sobriety test
DUI Search Warrants Made Easy

sobriety test

By Hon. Scott Bergstedt

The case of Missouri v. McNeely, U.S. 133 S.Ct. 1552(2013) has caused many jurisdictions to require a search warrant in order to get a blood sample from a DUI defendant that refuses a breath test. With the addition of legal marijuana, the blood test is even more important as it is the best and often the only way to establish marijuana impairment.

It can take a significant amount of time to prepare a search warrant, contact a judge, (often after midnight) have the search warrant reviewed and approved and then take the defendant to the hospital in order to get the blood draw. This time factor becomes even more significant with the marijuana impaired drivers, since the active chemical dissipates significantly within 60 to 90 minutes.

Some states, for example Washington, have created a system to make the process easier for everyone. Washington’s program consists of a web-based standalone system housed by the Washington State Patrol. The system is designed to be flexible enough to meet the needs of each individual jurisdiction and still meet the standards required by state and federal law. This system will be made available to other states wishing to establish a similar process.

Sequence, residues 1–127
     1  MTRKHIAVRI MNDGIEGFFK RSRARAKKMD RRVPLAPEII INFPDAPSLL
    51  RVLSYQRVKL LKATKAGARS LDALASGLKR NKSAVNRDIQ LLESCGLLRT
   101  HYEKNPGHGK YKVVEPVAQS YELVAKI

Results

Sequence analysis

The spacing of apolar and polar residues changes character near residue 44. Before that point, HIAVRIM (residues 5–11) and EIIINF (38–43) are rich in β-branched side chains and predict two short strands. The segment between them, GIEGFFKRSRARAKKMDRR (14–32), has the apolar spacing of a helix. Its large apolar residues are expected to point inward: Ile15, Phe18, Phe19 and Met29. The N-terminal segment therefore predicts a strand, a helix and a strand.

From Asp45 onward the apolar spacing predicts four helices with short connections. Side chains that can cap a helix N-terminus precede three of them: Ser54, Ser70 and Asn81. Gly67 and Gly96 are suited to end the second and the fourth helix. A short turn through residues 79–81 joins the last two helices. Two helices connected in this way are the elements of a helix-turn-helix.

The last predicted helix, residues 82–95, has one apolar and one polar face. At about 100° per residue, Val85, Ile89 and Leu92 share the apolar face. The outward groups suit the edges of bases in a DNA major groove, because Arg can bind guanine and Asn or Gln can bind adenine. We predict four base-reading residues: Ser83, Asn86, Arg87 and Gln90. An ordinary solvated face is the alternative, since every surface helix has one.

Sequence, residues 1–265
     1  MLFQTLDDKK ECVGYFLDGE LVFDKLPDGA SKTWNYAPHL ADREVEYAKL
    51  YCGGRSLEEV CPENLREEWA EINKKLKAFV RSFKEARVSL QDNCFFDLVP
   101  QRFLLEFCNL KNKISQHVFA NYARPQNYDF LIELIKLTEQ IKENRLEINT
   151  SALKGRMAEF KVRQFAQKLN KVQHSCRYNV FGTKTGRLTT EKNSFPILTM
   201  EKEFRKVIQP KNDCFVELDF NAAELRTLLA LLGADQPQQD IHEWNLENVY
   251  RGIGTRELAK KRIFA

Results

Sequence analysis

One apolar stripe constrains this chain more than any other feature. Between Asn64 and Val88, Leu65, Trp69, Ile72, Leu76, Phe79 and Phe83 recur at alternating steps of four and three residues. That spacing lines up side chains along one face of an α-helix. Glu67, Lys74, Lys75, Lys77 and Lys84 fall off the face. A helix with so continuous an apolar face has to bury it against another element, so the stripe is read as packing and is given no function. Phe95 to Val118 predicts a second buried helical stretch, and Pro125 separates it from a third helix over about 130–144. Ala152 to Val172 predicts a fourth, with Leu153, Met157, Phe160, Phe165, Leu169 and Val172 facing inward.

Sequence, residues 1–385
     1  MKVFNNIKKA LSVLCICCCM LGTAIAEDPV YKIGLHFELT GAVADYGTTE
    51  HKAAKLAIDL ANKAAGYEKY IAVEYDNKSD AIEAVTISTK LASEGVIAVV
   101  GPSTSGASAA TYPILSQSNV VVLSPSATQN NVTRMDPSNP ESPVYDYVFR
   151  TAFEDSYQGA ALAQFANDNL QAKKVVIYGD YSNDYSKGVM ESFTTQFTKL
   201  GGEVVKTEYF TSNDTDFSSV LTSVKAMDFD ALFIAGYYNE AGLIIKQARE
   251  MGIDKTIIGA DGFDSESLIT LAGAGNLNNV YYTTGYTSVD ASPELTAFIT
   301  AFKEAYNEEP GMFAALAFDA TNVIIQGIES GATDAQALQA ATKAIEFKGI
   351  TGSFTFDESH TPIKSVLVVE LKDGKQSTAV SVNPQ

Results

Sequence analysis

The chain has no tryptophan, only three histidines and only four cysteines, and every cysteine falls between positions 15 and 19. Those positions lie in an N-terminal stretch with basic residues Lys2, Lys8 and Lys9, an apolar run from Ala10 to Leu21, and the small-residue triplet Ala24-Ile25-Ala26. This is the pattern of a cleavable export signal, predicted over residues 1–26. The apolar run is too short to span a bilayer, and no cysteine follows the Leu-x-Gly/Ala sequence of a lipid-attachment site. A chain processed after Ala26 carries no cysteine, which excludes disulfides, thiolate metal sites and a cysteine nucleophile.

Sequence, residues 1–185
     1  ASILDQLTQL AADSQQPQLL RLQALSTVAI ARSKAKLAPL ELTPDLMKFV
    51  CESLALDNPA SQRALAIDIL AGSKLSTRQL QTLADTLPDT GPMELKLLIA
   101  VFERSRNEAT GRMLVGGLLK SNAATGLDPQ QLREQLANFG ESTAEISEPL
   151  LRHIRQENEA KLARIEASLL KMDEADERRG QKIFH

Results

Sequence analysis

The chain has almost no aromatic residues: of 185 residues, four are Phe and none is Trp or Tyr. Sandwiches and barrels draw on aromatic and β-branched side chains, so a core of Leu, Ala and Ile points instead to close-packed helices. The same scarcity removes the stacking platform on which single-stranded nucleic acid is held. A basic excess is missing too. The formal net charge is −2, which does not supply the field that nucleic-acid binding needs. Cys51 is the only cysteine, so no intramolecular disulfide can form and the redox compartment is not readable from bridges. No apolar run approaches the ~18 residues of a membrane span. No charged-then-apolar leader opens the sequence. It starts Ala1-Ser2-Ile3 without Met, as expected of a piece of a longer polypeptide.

The process starts with the officer logging into the server and opening a predesigned search warrant form. Once it is filled in he or she sends it to the server to go to the “on call” judge. The judge will receive notice a search warrant is ready and will log on to the server and review the warrant. If approved, it is automatically forwarded back to the officer to serve. The process is streamlined, practical and has built-in menus and conditions to minimize errors.

More and more jurisdictions around the country will likely be implementing similar systems in order to keep up with the growing demand for immediate response to certain issues, especially those of a time-sensitive nature, such as suspected impaired driving issues.

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